Report leaked to press supporting claim of Iran's ”secret nuclear intentions”

Published January 4th, 2006 - 09:39 GMT

A leaked intelligence report from an unnamed European intelligence agency published in the Guardian on Wednesday claims to prove that Iran's intentions are to produce a nuclear weapon.


The report argues Tehran has an advanced program designed to acquire nuclear expertise, training and equipment. Additionally, according to the report, Syria, Pakistan and North Korea are part of an international black market in illegal weapons parts.


The reports claims that Iran has established multiple front companies, middlemen and academics who allegedly gather information and materials needed for nuclear, biological and chemical weapons.


The report also supports the claim that Iran has sought missiles which might reach Israel or southern Europe.


Iran resumes nuclear fuel research


Meanwhile, Iran announced on Tuesday that it would resume its nuclear fuel research after more than two years, while Iranian President Mahmoud Ahmadinejad maintained that "research has no restrictions or red lines".


"Our country will go forward on the nuclear path with patience, wisdom and planning," Iranian President Mahmoud Ahmadinejad told reporters at AFP.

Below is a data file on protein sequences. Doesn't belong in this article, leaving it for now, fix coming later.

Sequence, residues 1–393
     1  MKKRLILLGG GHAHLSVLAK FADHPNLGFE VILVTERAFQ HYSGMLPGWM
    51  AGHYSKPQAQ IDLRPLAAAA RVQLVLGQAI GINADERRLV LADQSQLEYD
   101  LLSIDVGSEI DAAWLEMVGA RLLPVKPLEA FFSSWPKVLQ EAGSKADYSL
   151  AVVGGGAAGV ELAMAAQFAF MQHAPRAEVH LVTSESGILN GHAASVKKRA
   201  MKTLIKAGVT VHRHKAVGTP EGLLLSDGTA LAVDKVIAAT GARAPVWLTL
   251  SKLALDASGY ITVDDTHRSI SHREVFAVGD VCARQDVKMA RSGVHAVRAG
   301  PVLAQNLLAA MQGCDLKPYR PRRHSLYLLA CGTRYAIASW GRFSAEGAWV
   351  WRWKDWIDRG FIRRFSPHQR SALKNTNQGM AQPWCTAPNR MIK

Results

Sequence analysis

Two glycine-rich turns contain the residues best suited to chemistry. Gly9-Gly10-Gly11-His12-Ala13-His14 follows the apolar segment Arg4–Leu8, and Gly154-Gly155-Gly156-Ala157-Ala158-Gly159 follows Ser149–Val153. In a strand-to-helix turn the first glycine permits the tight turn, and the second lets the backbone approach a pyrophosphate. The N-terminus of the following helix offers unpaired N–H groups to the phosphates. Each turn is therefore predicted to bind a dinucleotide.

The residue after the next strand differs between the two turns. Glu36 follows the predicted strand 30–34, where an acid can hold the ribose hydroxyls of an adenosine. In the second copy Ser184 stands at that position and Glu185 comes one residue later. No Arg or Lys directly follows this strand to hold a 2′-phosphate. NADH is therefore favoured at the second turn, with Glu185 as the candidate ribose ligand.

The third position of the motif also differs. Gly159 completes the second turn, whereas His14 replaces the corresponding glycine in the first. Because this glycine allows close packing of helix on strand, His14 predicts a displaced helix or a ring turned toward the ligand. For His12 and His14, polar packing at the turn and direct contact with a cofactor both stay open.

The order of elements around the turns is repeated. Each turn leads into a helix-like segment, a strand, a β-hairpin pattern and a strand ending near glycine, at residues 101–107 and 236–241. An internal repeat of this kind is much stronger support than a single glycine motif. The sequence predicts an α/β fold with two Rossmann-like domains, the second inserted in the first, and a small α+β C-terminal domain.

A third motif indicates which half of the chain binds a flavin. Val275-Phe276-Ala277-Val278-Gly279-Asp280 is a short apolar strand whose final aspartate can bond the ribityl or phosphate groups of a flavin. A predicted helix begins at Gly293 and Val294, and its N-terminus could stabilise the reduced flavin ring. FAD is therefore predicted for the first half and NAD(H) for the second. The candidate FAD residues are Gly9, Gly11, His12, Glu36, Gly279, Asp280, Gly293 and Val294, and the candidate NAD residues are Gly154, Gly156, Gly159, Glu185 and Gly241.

The move prompted the United Nations atomic watchdog, the International Atomic Energy Agency (IAEA), to send a warning to Iran that it must cease nuclear work.
However, the deputy head of Iran's atomic energy agency, Mohammad Saidi, said that the IAEA had been informed previously if Iran's intent in a letter to the agency.


"In a letter, the IAEA has been informed that Iran will start research on the technology of nuclear fuel in a few days, with the cooperation and coordination of the agency," he said.


Some in the West, including the United States, believe that Iran's uranium conversion may be used for enrichment purposes and ultimately to create a nuclear bomb. Iran's move threatens to disrupt ongoing negotiations between Western governments and Tehran who want Iran to halt such work.


On Tuesday, France called on Iran to reverse its move, while a delegation from Moscow made a visit to Tehran on Saturday in an attempt to break the deadlock.


In an attempt to break the deadlock, Russia has offered to allow Iran to conduct uranium enrichment on its soil, giving it access to the nuclear fuel cycle while ensuring that it will not be used for military purposes.


However, Iranian authorities have said that they would only accept the offer on condition that their right to conduct uranium enrichment operations in Iran is acknowledged.


The European Union has so far refused to agree to such a statement. 

© 2006 Al Bawaba (

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